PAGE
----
Defense exposed in Rodgers' absence

GREEN BAY, Wis. -- When the Green Bay Packers needed their defense the most -- as in from the moment quarterback Aaron Rodgers broke his collarbone in the first quarter of their Nov. 4 game against the Chicago Bears -- Dom Capers' unit crumbled.

The defense's steady improvement from its poor start the first three games of the season, after which it was ranked 27th out of 32 teams in the NFL in yards allowed per game, has suddenly been thrown into reverse.

After peaking at 11th in total defense after beating the Minnesota Vikings on Oct. 27, when the Packers improved to 5-2, the defense has not been able to help make up for the loss of Rodgers.

Of the five major statistical categories -- yards, rushing yards, passing yards, points per game and third-down conversion percentage -- the Packers' defense has been worse the last three games in four of them and nearly the same in the fifth (see accompanying chart).

Offensively, the Packers haven't been able to maintain their level of production without Rodgers, either, but that was to be expected. How many teams can lose their starting quarterback and not experience a significant decline?

"Good quarterback play can cover a lot of ills on your team," Vikings cocah Leslie Frazier said Wednesday during a conference call with reporters at Lambeau Field. "If you don't have good quarterback play, it can expose a lot of ills on your team. It makes a difference."

In this case, it exposed the Packers' defense.

Without Rodgers, the onus was on the defense. So far it has not delivered even if Capers said his unit did not feel any extra pressure to carry the team in Rodgers' absence.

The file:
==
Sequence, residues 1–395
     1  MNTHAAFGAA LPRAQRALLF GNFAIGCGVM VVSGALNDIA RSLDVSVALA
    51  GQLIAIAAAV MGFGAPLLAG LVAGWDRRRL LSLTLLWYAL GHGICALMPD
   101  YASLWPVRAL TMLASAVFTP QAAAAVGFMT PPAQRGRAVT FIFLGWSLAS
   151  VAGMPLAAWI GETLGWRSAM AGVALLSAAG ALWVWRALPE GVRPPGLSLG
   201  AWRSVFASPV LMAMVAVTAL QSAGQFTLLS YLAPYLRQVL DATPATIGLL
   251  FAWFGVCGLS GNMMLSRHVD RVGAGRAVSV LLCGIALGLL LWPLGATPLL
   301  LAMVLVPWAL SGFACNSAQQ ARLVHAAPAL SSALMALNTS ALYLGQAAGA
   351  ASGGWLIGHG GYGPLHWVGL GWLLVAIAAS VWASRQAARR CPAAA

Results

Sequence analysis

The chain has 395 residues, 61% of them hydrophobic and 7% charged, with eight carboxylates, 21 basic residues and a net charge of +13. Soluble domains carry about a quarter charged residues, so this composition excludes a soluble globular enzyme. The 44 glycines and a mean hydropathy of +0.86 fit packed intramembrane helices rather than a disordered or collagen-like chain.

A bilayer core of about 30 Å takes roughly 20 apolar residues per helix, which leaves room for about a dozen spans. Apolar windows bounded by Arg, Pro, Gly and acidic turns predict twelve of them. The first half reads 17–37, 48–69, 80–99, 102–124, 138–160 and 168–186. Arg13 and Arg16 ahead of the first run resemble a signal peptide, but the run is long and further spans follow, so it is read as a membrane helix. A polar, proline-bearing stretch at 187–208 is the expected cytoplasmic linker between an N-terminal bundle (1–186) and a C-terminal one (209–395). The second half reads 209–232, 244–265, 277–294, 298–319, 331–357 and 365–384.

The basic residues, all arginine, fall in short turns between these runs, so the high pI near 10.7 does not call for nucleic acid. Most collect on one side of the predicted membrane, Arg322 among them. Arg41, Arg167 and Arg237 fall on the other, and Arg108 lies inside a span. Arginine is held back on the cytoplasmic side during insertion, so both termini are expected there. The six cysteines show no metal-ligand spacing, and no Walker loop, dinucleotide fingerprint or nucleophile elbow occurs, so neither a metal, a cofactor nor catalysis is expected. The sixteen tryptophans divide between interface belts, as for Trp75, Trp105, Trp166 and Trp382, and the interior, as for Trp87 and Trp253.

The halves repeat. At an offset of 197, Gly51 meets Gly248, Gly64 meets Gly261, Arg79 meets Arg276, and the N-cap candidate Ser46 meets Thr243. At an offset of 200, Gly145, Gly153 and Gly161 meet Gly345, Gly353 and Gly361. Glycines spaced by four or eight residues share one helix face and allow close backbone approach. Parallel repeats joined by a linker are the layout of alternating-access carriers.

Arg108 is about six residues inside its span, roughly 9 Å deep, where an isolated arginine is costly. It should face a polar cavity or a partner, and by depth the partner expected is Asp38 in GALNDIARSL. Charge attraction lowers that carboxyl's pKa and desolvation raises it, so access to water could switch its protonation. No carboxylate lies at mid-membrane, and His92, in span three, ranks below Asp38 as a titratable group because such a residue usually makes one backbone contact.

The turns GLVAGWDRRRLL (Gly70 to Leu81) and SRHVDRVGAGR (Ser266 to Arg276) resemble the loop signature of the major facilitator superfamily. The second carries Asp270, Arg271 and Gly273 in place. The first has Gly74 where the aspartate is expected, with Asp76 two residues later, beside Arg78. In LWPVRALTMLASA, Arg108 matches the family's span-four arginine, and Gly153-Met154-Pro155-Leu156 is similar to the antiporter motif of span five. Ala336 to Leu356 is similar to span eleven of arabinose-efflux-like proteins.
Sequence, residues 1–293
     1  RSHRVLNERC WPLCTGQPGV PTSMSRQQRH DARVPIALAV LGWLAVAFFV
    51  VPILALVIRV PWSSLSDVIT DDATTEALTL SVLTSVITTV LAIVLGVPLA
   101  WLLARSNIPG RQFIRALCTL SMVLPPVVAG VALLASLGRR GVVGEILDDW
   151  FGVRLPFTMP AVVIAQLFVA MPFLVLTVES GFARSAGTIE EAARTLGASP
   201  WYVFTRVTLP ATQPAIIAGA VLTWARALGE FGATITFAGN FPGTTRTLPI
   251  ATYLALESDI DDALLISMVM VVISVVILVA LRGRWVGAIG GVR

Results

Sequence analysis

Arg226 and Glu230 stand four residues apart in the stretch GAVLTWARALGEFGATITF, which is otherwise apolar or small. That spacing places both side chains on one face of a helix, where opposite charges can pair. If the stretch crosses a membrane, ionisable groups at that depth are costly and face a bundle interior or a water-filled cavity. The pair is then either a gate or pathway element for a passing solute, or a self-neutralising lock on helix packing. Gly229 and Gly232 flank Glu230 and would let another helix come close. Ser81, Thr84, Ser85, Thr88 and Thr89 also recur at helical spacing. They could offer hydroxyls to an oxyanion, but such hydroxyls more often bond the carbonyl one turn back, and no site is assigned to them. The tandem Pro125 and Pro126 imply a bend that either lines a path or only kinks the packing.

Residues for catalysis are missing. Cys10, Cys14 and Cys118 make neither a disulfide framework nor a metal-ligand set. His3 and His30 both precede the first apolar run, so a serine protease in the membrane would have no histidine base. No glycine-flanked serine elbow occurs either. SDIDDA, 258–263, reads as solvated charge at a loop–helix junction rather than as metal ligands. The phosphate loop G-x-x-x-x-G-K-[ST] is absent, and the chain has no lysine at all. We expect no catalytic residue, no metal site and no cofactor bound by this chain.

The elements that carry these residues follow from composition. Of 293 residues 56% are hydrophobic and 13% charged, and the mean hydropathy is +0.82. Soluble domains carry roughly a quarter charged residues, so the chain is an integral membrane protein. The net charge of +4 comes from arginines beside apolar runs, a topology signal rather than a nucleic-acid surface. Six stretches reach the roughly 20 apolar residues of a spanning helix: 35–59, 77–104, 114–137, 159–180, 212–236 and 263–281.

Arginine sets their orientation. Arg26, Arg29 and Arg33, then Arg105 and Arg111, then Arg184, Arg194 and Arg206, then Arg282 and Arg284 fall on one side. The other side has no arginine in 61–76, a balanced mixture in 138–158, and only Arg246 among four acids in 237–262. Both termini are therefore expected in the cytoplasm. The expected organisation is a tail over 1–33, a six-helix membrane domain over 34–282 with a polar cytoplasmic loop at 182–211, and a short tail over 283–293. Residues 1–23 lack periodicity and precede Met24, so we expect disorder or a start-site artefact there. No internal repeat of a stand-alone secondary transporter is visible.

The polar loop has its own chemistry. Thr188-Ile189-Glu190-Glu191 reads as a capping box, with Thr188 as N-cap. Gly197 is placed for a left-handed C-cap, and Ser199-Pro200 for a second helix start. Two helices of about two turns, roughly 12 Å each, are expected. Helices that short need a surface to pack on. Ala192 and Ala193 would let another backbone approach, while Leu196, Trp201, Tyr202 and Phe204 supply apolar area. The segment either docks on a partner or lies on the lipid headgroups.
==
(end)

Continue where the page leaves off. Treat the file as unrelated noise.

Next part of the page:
"My career's been based off of not having the good fortune of being around an offense like this one very often," Capers said. "So I just feel like the defense has got to do whatever it takes to win the game. If that's take the ball away, if it's score on defense, if it's creating good field position for the offense, we haven't done that as much as we have in the past, and so we've got to find some way to get that done. And the takeaways have a lot to do with that."

The Packers got their first interception since Week 7 in Sunday's 27-13 loss to the New York Giants, but the big play by cornerback Tramon Williams wasn't close to enough. They were vulnerable to the explosive play, allowing four completions of 25 yards or more.

"Our guys just need to have the attitude that we need to go out and make people work for things, earn them," Capers said. "And not let them be easy. No freebies. And if we do that, like I say, I like the basis of the good things. We just have to find a way to get back to not giving up 20-plus yard plays because it normally ends up with points on the board."